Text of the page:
The Big Bang Theory Recap: Not Good for What Romulan Ales You

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Photo: Richard Cartwright/CBS
The Big Bang Theory

The Big Bang Theory

The Retraction Reaction Season 11 Episode 2
Editor's Rating 2 stars

One step forward, two steps back. The new season of The Big Bang Theory began last week with the engagement of Shamy, and a promise on Sheldon’s part to start showing more interest in and respect for Amy’s thriving scientific career.

But in week two, Amy and Bernadette bond as they reveal they both have to hide or downplay their work accomplishments from their significant others. It is not a good thing, of course, that Amy doesn’t feel like she can tell Sheldon about the boxes of new equipment her Caltech department has purchased for her, or that Bernie doesn’t tell Howard her company retreat was actually in Tahiti, not Boise.

Talking about what they can’t with the menfolk at least allows Amy and Bernie the chance to root for each other, and they vow that they will continue to be each other’s cheerleaders as they continue to make important scientific advancements — and for Bernie at her pharmaceutical company job, continue to rake in gobs of cash (including a bonus check she didn’t even tell her husband about).

Yep, that is the least you can say, in a positive light, about the facts that (1) it’s true that the women aren’t celebrated by their partners, and (2) they have to go one step further and hide and lie about their good works.

But by the end of “The Retraction Reaction,” you can’t even celebrate that. Because as if it isn’t crushing enough that these women suppress their superstar accomplishments, catering repeatedly to their partners’ fragile male egos, they promptly and cartoonishly move from supportive to spiteful.

All’s swell as Amy talks about taking naps in the “million-dollar bunkbed” that is her lab’s new fMRI machine, and Bernadette jokes that the money is so free-flowing in her lab that they don’t bother washing test tubes — they simply toss them away and buy new ones. But one brag too many and suddenly the two pals aren’t patting each other on their backs anymore; they’re stabbing each other in them.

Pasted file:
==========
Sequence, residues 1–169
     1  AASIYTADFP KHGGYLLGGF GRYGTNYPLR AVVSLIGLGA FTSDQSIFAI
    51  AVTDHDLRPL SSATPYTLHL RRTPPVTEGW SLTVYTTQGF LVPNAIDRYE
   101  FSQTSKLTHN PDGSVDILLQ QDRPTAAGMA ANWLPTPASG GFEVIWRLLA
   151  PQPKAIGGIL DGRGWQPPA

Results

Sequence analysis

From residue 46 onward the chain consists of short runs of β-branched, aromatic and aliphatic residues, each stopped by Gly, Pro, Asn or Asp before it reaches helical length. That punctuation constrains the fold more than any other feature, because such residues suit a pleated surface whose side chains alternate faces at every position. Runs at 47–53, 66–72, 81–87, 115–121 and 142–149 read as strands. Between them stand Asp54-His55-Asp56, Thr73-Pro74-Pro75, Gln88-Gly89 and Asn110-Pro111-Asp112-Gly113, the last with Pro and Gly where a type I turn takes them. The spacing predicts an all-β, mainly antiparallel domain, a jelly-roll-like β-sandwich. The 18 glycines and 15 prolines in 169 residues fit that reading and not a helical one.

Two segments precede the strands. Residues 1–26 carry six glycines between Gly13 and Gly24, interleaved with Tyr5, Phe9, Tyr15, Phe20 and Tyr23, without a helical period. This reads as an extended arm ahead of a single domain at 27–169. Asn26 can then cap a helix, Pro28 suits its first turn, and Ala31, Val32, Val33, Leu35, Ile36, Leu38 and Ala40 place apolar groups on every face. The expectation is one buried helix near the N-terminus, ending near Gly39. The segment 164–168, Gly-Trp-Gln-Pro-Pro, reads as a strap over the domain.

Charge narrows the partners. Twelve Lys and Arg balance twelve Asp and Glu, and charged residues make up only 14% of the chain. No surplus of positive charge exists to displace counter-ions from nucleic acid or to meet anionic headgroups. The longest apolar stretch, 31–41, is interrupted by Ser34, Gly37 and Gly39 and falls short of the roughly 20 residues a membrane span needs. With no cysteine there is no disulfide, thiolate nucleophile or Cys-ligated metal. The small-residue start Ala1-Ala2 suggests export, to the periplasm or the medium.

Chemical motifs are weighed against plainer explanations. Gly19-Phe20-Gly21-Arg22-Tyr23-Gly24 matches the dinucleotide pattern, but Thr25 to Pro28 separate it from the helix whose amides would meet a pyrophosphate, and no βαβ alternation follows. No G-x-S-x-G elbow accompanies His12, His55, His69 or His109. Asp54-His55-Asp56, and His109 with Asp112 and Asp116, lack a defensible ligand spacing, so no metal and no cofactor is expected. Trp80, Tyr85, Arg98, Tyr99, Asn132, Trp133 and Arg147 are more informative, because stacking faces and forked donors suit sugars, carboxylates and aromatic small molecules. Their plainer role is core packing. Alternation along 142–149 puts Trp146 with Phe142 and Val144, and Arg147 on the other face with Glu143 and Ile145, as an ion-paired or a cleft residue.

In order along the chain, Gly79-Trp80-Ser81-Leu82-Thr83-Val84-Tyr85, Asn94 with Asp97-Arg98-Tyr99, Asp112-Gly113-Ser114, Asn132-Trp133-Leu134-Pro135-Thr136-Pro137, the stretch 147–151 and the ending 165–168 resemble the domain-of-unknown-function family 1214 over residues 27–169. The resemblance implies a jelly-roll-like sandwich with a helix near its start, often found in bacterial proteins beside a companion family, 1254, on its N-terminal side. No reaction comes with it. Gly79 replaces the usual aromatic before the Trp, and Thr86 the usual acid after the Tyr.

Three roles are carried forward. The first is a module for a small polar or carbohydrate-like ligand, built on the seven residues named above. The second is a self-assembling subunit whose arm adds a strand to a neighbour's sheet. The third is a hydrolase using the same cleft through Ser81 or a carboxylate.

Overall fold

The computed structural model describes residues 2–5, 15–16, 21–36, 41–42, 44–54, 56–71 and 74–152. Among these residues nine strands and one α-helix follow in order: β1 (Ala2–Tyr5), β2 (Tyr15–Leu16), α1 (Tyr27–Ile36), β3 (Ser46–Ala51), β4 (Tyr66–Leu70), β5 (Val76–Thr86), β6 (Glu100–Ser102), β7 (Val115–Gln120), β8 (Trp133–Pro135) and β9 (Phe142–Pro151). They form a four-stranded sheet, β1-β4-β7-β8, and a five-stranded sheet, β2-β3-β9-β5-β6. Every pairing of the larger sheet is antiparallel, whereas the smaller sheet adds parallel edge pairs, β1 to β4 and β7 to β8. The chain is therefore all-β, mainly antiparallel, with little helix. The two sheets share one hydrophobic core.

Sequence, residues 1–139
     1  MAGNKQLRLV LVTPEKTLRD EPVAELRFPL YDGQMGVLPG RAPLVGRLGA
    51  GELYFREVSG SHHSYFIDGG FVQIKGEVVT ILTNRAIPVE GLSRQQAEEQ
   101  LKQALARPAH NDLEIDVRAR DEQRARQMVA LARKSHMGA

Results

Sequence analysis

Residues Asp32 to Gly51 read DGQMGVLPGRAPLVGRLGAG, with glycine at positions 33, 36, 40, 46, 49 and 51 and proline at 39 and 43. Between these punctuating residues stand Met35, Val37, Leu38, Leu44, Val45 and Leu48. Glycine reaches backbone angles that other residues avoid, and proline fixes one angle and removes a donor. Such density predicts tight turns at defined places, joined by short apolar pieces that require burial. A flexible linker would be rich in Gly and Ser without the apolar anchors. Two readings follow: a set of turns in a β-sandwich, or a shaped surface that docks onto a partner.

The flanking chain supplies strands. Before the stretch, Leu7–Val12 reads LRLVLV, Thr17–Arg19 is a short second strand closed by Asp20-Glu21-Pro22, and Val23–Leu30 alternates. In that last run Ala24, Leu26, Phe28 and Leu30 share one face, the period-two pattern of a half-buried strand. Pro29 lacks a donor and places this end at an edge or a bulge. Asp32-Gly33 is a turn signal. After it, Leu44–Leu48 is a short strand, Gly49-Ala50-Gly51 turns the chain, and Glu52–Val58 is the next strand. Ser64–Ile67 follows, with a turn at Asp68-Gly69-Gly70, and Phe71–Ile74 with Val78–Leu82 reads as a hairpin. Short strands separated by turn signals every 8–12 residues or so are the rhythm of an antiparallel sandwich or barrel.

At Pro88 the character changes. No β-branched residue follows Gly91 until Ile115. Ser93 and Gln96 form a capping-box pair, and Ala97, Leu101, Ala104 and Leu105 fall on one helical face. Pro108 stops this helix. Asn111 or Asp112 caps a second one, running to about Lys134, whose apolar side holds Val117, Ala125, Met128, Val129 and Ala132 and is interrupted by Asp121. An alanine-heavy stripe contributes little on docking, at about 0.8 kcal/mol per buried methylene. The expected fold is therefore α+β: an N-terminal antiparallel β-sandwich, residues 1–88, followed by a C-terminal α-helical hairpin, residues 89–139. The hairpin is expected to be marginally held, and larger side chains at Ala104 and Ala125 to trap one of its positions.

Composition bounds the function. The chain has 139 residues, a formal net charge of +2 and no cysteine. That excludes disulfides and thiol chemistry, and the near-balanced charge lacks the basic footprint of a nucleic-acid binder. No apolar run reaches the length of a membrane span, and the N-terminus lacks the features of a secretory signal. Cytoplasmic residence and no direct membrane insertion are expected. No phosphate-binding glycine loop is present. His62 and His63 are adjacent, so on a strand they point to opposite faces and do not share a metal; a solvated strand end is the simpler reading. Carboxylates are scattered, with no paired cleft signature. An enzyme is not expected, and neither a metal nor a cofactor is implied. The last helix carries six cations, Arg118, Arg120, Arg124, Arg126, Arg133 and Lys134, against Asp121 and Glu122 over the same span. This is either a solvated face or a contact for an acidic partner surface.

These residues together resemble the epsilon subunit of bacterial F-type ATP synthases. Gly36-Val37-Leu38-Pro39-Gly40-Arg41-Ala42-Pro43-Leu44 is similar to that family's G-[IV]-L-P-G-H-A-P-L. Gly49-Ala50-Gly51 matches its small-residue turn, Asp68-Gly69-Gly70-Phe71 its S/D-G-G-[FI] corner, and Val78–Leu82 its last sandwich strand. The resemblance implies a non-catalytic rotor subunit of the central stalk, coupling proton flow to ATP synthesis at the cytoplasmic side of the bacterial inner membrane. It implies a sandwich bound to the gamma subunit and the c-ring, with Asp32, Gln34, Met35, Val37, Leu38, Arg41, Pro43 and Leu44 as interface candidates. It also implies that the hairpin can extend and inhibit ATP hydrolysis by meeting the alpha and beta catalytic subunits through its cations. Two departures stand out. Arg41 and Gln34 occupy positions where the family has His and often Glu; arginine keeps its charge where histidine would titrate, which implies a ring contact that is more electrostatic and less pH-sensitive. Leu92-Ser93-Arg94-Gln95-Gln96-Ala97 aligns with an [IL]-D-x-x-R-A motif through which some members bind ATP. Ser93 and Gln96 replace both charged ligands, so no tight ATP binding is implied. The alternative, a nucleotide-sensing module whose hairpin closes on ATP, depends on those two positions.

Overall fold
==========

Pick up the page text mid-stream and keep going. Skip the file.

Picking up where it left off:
Amy: “You’re right, we both do important work. I’m trying to map the structures of the brain, and you’re trying to convince people that itchy hair is a real thing … I’m just saying that my research may actually change the world forever.”

Bernadette: “I hope it does. Because I’m gonna see that world from a yacht so big you can land a helicopter on it.”

We don’t see them make up. The last scene of the friends in the episode is the two of them sitting in Bernie’s kitchen, having sufficiently torn each other down.

Not true of the men. Plenty of attention is paid to their drama, which begins with Leonard making a fool of himself, and of his employer, when he gives a public-radio interview suggesting there’s little of value happening, or likely to happen in the near future, in the physics corner of the scientific community.

He’s charged with writing a retraction that he doesn’t believe in, lest he lose his job, and his fellow physicists feel alienated by his assessment of their works. “He publicly maligned the love of my life, Lady Physics,” Sheldon dramatically proclaims. But then, as he tries to prove Leonard wrong by compiling a list of the big issues physicists are tackling today and laying out the progress they’ve made, Sheldon comes to a conclusion that rocks his world: Leonard is right.

It leads to an indulgent self-pity party — which Howard and Raj soon join — where the fellas sit around getting Klingon-ed on bottles of Romulan Ale that Sheldon purchased at Comic-Con.

See the difference? Leonard does something that is unprofessional, at best, and undermining of his own and others’ careers (and his employer’s ability to raise research funds) at worst, but his group of friends not only forgives him, but commiserates with him by getting sloshed on bright blue alcohol and taking him on a road trip to visit the grave of one of their heroes, Richard Feynman. There, they remind each other of all the great things the theoretical physicist achieved in his life, and they are inspired anew to return to the important work they are pursuing.

Amy and Bernadette: self-motivated, hard-working, enthusiastic, and rewarded for their work with all the markers of success in their respective workplaces, yet too afraid to share the full extent of their victories with the men in their lives, and too jealous to be able to share them with each other.

If two rather socially backward brainiacs can move their relationship forward to the point of an engagement, why can’t The Big Bang Theory writers make it so that two brilliant scientific women can not only demand the recognition they deserve from their loved ones, but can genuinely celebrate it for each other?

It’s one small step forward for the men. How about taking a giant leap forward for womankind, and not defaulting to a catfight for a cheap laugh?

THEOR-EMS

• Amy: “The university’s been throwing money at my study. With any luck, there’ll be a brain disease with my name on it.”

Bernadette: “Fingers crossed.”

Amy: “Which is ironic, because if you had Fowler’s Palsy, you wouldn’t be able to cross your fingers.”

• Amy, telling Bernie about Sheldon’s snotty comment about her work: “He said, ‘I hope all your correlations turn out to be specious.’”

Bernie: “He said that to your face?!”

Big Bang Theory Recap: Not Good for What Romulan Ales You